Tapestry (Part 1)

Front and back of a tapestry. Image credit

Life is a tapestry, not a tragedy. It’s meant to be an art, not an agony. But the reason why we only see the tragedy and the agony in our lives is because we tend to focus on what see from our side. I like what Pastor Tim Challies of Grace Fellowship Church in Toronto, Ontario wrote in his blog:
Have you ever compared the front and back of a tapestry? The front of a tapestry is art. In the hands of a skilled weaver it displays incredible artistry and fine detail. The world’s best art museums collect the world’s best tapestries and display them there as examples of a rare but beautiful form of art.
Image credit
The back of a tapestry is a mess. A tapestry is made by weaving together different-colored threads, and the images and designs are created by the interplay between the different colors and textures. What is clear on the front is opaque on the back. The back shows something of the image, but it looks more like a child’s attempt than a master’s: it lacks nuance and clarity and detail. Where the front is smooth, the back is covered in knots and loose ends.
We are meant to see and admire the front of the tapestry, not the back,… [1]
We are to see our lives from God’s side. If we could only compare the view from our side and from God’s side, I believe we would end up with the same conclusion that the apostle Paul came up with: “For I consider that the sufferings of this present time are not worth comparing with the glory that is to be revealed to us.” (Romans 8:18) There’s no comparison at all. This should lead us to anticipation, not anxiety.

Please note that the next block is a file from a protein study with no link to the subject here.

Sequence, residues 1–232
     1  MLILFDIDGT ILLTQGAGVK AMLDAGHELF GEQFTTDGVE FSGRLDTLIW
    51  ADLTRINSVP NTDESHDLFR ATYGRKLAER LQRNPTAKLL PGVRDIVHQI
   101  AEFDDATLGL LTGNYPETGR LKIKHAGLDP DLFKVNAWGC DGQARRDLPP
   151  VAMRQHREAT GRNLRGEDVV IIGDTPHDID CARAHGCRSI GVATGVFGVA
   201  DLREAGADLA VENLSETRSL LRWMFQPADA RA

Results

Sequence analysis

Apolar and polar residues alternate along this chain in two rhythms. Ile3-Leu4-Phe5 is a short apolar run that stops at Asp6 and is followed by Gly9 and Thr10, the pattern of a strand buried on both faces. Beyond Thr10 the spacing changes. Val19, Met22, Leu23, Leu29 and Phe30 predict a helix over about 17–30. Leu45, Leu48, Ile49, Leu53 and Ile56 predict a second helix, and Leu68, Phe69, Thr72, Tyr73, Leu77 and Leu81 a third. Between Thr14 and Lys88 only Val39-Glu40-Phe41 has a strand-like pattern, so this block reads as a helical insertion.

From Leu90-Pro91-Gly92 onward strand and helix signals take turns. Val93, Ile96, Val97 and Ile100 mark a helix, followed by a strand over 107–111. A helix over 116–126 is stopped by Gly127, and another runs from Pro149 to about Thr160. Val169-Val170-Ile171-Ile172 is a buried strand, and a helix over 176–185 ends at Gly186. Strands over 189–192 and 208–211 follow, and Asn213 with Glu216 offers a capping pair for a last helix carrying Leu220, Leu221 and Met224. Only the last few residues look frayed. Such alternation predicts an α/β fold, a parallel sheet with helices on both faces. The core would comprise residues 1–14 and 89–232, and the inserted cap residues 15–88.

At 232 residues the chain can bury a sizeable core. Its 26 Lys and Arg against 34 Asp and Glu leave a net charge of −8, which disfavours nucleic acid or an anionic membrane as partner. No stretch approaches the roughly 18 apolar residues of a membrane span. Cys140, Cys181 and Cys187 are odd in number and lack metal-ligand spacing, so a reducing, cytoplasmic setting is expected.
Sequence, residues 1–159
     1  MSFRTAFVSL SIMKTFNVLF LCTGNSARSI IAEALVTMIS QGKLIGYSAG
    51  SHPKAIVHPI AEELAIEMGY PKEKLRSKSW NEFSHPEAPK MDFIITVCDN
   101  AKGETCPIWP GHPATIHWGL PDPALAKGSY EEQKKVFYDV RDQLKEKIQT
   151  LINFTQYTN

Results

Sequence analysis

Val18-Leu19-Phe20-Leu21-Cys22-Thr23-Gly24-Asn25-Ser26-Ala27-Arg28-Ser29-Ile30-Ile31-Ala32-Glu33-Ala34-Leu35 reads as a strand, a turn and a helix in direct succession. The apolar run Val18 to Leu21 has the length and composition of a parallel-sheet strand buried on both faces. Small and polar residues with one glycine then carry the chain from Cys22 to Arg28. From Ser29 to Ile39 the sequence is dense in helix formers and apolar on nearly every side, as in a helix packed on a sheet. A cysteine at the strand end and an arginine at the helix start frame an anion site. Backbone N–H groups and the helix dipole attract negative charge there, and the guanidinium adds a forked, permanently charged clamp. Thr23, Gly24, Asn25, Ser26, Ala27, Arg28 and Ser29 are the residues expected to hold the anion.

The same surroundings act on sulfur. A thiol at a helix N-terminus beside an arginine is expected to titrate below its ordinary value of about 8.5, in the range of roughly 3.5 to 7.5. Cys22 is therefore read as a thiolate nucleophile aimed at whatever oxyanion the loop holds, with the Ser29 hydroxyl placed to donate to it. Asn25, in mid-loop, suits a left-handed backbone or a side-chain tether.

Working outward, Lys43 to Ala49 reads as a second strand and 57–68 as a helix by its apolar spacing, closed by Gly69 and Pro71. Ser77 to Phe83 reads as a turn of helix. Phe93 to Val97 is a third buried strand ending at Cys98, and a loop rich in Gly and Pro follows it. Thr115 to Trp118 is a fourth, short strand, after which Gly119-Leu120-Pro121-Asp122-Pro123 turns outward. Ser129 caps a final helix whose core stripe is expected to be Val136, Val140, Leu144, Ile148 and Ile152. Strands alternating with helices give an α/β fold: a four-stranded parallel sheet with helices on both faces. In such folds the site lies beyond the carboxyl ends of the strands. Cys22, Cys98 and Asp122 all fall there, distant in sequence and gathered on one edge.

Image credit

However, the back of the tapestry is as important as its front. Without the mess at the back, we won’t have the art at the front. And so, when life does not make sense to us at all, remember that we are only seeing the back of the tapestry. Someday, the knots and the loose ends of life would make sense. What is opaque here and now would become clear there in the future. That’s why we should never lose hope. Instead, there should be a joyful anticipation.
For in this hope we were saved. Now hope that is seen is not hope. For who hopes for what he sees? But if we hope for what we do not see, we wait for it with patience. (Romans 8:24-25)
There’s hope that God would turn our mess into His message. We may not see the other side yet. But we could be sure that there’s an other side. God’s side. Life does not start and end on our side only.

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After making a tapestry, we frame it. We no longer see the back side. All we will see is the front side. Someday, our lives will be framed in eternity. All we will see is the art, not the agony. The tapestry instead of the tragedy. 
We don’t yet see things clearly. We’re squinting in a fog, peering through a mist. But it won’t be long before the weather clears and the sun shines bright! We’ll see it all then, see it all as clearly as God sees us, knowing him directly just as he knows us! (1 Corinthians 13:12, The Message)
“Let go and let God” Step

Reflect on Romans 8. What is the heavenly perspective that it is teaching us? How that does bear on our present situation? 

NOTE: This is Day One of the devotional guide (Volume 1, Issue 6) of our church, Filinvest Community Christian Fellowship, for the message last Sunday, April 5, on Pass It On.” 

[1] Tim Challies (2015, January 19), “God's Tapestry,” Challies.Com, retrieved from http://www.challies.com/. Emphasis added.


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